That sound you hear in the distance is, yes, football — the calling of the signals, the crashing of the pads, the pulling of the hamstrings. By the beginning of next week, all 32 NFL teams will have hit the field … and begun hitting the bejabbers out of one another. With that in mind, I bring you a cornucopia of thoughts on the coming season:
Drew “I am a ruthless warrior” Rosenhaus is at it again. The Miami-based agent, who represents enough players to start his own conference, is seeking to renegotiate the contracts of about half of them, it seems. Terrell Owens, Edgerrin James, Javon Walker, Anquan Boldin, the Redskins’ Sean Taylor — all of them want new deals.
It’s almost as if Rosenhaus is trying to resurrect his old reputation, the one he had back in the mid-‘90s when Sports Illustrated dubbed him “the most hated man in pro football.” Owens and Taylor, after all, signed lengthy contracts — hammered out by other agents — only last year. And they want to put a match to them already?
Maybe Rosenhaus is just going through a midlife crisis. Truth be known, he’s kept a much lower profile in recent years, his “I am a hit man” persona less in evidence. I’m reminded, though, of a passage in his 1997 autobiography, “A Shark Never Sleeps.” “My first car was a Porsche 944,” he reminisces, “then I had a DeLorean. I had cars like that in high school because my dad would sacrifice the world so that I could be THE MAN. Cars were the thing at that age. They identified you. So my dad, whatever it took, found a way to make me the man.”
By making life uncomfortable for so many clubs the past few months, perhaps Rosenhaus is merely reminding everybody that the “Shark” hasn’t lost his bite, that he’s still THE MAN. Just a theory.
That said, it’s interesting that, after considerable huffing and puffing, Owens, James and Taylor plan to report to camp rather than hold out. The question, of course, is: Will they (particularly T.O) be more of a distraction than they’re worth?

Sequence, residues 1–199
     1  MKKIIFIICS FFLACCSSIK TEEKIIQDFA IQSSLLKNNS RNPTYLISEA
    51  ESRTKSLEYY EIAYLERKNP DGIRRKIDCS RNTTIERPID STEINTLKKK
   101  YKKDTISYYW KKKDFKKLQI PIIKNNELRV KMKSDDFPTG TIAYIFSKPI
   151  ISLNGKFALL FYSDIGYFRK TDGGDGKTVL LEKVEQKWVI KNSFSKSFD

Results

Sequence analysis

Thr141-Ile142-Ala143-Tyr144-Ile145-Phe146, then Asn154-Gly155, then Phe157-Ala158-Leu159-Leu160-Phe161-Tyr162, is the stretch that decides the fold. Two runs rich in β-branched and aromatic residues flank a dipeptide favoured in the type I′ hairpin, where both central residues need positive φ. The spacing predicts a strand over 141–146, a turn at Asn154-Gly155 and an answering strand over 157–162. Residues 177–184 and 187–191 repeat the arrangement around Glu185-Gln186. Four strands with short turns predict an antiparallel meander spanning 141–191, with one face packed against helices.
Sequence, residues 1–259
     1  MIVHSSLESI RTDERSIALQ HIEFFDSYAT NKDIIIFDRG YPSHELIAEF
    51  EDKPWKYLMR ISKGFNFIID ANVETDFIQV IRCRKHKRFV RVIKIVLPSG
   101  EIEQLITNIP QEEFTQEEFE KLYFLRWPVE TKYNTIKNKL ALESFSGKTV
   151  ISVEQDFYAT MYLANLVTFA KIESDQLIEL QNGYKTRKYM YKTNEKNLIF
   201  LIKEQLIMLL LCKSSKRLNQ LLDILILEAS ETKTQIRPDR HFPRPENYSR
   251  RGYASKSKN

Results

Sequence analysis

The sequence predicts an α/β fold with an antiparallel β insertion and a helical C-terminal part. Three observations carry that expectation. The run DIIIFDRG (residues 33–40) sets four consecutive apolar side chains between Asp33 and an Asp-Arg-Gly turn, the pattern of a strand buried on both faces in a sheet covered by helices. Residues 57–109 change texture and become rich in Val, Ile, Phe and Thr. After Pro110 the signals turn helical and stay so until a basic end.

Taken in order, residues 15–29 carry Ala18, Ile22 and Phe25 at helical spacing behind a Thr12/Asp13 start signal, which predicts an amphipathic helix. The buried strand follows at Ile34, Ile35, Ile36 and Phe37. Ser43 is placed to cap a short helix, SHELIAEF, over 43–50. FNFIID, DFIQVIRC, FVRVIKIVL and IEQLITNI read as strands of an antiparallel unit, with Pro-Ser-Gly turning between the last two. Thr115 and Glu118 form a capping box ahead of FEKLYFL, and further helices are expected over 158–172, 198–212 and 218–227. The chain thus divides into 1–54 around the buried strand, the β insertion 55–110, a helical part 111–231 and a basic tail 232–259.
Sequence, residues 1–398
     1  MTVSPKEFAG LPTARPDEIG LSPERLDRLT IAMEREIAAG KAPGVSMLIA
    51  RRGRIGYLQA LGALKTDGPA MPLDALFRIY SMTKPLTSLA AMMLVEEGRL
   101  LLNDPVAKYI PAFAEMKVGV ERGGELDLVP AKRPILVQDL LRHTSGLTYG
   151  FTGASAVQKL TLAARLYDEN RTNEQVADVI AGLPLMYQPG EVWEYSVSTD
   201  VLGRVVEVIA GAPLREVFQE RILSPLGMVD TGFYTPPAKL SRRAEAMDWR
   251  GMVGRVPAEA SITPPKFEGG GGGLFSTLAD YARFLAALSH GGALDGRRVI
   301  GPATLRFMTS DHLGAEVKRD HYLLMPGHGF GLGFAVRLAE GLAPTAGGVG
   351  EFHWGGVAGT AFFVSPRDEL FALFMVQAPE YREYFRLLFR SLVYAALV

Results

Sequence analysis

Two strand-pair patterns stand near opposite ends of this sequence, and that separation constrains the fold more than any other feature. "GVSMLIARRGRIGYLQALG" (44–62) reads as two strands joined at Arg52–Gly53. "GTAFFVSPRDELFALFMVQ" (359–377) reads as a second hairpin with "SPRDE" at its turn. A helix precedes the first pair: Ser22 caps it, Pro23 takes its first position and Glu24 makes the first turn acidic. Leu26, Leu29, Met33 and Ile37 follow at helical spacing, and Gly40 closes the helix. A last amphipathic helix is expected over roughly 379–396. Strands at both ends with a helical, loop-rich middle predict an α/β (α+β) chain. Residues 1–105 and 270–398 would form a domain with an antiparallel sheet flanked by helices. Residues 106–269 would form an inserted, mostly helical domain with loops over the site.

A couple of old Redskins quarterbacks have been in the news lately. In Miami, Gus Frerotte is in the running to be the Dolphins’ starter; and in North Carolina, Heath Shuler is thinking about running for Congress. Which do you figure will be higher, Gus’ completion rate or Heath’s percentage of the vote?
The Patriots, I’m convinced, have the best chance to threepeat since the ‘76 Steelers (who might have done it if their backs hadn’t gotten banged up in the playoffs).
All the candidates since ‘76 — the ‘80 Steelers, ‘90 49ers, ‘94 Cowboys and ‘99 Broncos — had much more serious drawbacks than the Pats do (even though Tedy Bruschi will miss the season and Richard Seymour has contract issues). Consider:
‘80 Steelers — Much of the club’s core (Terry Bradshaw, Franco Harris, Joe Greene, L.C. Greenwood, Jack Ham, Mel Blount) was in its 30s.
‘90 49ers — Joe Montana was 34, and Roger Craig, four years younger, had seriously slowed down.
‘94 Cowboys — Jimmy Johnson was gone, and free agency had begun to chip away at the defense (Ken Norton, Tony Casillas, Jimmie Jones).
‘99 Broncos — John Elway retired.
Now look at the Patriots. Tom Brady is just 28 (or will be next month), Corey Dillon is coming off his best year, Deion Branch is an emerging star and the club has enough depth at most positions to make it almost injury resistant. Why can’t the Pats win three in a row? I mean, they’ve been defying the odds for two seasons — winning a record 21 straight games, repeating as Super Bowl champs despite the loss of cornerbacks Ty Law and Tyrone Poole. In my mind, the biggest threat to their supremacy isn’t them getting worse, it’s another team (e.g. the Steelers) getting better.
And let’s not forget: The Patriots won their first two playoff games last year — in convincing fashion — without any contribution from Mr. Seymour (who was sidelined with an injured knee).
If Pats owner Bob Kraft had a sense of humor, he’d put a picture of Vladimir Putin — brandishing Kraft’s Super Bowl ring — on the cover of the first game program.
For the Falcons’ sake, Michael Vick had better develop into a bona fide passing quarterback between now and January. Otherwise, the Panthers will reclaim the top spot in the NFC South. Carolina’s refusal to crumble last season, in the face of much adversity, suggests that John Fox and GM Marty Hurney (the erstwhile Washington Timesman) are really building something down there.
I wouldn’t be the least bit surprised if Norv Turner’s Raiders and Charley Casserly’s Texans vied for the final AFC wild-card berth.
And finally …
Strange, isn’t it, that Joe Theismann, whose career ended on “Monday Night Football,” will be Al Michael’s sidekick on “MNF” beginning next year? Hope nobody slips up before the first telecast and tells him to “break a leg.”